Philosophy of Mathematics Education
I believe that learning mathematics has three components: one is that of learning a new language as one might learn French or Spanish. Another component is learning mathematical ideas, which are most frequently expressed in mathematical language or symbolism. Finally, there is the formal operations executed by logical reasoning. I believe that mathematics teaching and learning should then closely resemble instruction in foreign language as well as instruction in concepts and logical reasoning.
For the first, mathematics requires memorization. Just as one might remember that cosa means thing in Spanish or that fahren is the German verb for to drive, we also learn that "=" means equals or that x most often means some variable expression or term. By stringing together mathematical words, we create mathematical sentences. These statements are either true (correct) or false (incorrect). Learning the vocabulary of mathematics and the rules of making mathematical statements is just like learning vocabulary and grammatical rules in German or any other foreign language. Definitions and rules require memorizing, which is achieved through repetition. Although knowing the vocabulary of mathematics can help us analyze the truth of mathematical statements, just knowing the vocabulary won't help us solve problems. Only by using the rules of the language - formal operations that are grounded in logical reasoning - can we solve problems by creating new statements from other ones.
One the other hand, logically deducing or inducing concepts and ideas is best learned not by memorizing, but rather by incorporating those concepts and ideas into one's already existent understanding of the world, specifically mathematical understanding. The pathway from one concept to another is logical reasoning. Contrary to learning vocabulary and rules, logical reasoning is something that develops with practice and with time spent thinking. Staring at a problem without picking up your pencil can mean that you're doing the extremely difficult task of thinking! More specifically, one is trying to make sense of the problem. This making sense is essentially creating a logical chain between the beginning of the problem and the end of the problem. To get better at this, one must spend a lot of time thinking about and doing practice problems. Here, too, one must be cautious not to solely focus on logical operations; knowing only the formal operations of mathematics leads to only a partial understanding of the problem. One must understand the statements in order to understand how the ideas and concepts are relating to each other. The concepts, the vocabulary, and the formal operations (logical thinking) are all interdependent; knowing only one facet will mean one only has a partial understanding of the material.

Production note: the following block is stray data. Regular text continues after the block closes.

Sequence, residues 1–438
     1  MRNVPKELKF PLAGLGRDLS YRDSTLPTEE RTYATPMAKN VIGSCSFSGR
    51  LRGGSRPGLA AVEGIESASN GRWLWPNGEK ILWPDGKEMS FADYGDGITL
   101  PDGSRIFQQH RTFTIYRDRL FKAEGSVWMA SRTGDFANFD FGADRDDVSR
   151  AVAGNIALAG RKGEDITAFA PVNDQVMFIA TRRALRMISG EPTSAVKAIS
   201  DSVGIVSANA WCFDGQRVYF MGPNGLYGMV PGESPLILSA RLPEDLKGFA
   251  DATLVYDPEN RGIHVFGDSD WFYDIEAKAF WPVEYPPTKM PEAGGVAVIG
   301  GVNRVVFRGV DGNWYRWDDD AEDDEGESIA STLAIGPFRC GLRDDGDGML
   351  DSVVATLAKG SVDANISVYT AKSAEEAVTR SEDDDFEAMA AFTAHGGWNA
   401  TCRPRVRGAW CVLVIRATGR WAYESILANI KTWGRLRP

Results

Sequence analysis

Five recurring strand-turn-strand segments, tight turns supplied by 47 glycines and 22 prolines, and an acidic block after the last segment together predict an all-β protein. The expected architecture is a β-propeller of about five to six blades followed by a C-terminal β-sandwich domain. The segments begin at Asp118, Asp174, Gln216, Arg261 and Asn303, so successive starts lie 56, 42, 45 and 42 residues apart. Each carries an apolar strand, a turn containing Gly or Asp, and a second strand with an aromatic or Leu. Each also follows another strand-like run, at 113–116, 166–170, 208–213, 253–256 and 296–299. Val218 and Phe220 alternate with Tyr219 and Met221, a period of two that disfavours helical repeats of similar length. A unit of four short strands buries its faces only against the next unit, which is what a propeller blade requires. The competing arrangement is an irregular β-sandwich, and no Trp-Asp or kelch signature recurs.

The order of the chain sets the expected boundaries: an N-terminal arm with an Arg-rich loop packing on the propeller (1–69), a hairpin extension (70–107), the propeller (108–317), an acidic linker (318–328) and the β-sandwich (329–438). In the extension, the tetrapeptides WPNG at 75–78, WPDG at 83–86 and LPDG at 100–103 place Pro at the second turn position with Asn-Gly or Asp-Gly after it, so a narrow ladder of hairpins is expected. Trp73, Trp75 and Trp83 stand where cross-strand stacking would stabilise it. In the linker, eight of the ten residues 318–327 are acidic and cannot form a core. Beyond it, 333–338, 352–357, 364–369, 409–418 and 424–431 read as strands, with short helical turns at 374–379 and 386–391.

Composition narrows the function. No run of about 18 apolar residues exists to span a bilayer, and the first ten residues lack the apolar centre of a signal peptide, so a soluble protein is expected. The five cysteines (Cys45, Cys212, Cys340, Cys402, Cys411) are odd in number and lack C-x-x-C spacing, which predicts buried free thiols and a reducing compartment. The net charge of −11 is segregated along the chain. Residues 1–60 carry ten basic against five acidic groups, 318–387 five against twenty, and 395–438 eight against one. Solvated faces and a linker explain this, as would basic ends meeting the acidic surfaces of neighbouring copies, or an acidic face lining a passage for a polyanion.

Cramming concepts into short-term memory might help one pass one exam, but soon the material will be forgotten and one will not be able to use it for all further material, condemning one's self to future unnecessary difficulty. Therefore, to learn the concepts and reasoning of mathematics, one must extrapolate from one's known understanding of mathematics, i.e. one must build on an already existent foundation of mathematical ideas, paying particular attention to logical thinking, using the language and symbolism of mathematics, and exploiting the logical abilities innate to human beings.
Translating this into the classroom, it means that the instuctor must make a concerted effort to express new ideas and concepts within the context of previous learned concepts, to use the new vocabulary explicitly when demonstrating its usage within the context of problem solving and concept instruction, and to explain the logical reasoning behind the mathematical operations used in problem solving. The student's responsibility is to spend time memorizing the vocabulary and to spend time solving problems and thinking about problems until their execution makes sense and the dynamic processes and static concepts integrate into the student's framework of understanding.
It is imperative that the student spends at least two hours outside of class studying these things for each hour of in-class instruction. Although the instructor can convey material and demonstrate solutions in a manner which makes sense to students, students must then spend time practicing generating the solutions to problems themselves; although what is demonstrated in class might make sense to the student, the generation of solutions by her requires extra time and practice.
Finally, it follows that the assessment of student understanding must include assessment of knowledge of vocabulary, understanding of concepts, the ability to execute formal operations to solve problems, and the integration of these three components.Copyright 2005 Seamus Mulryan, All Rights Reserved.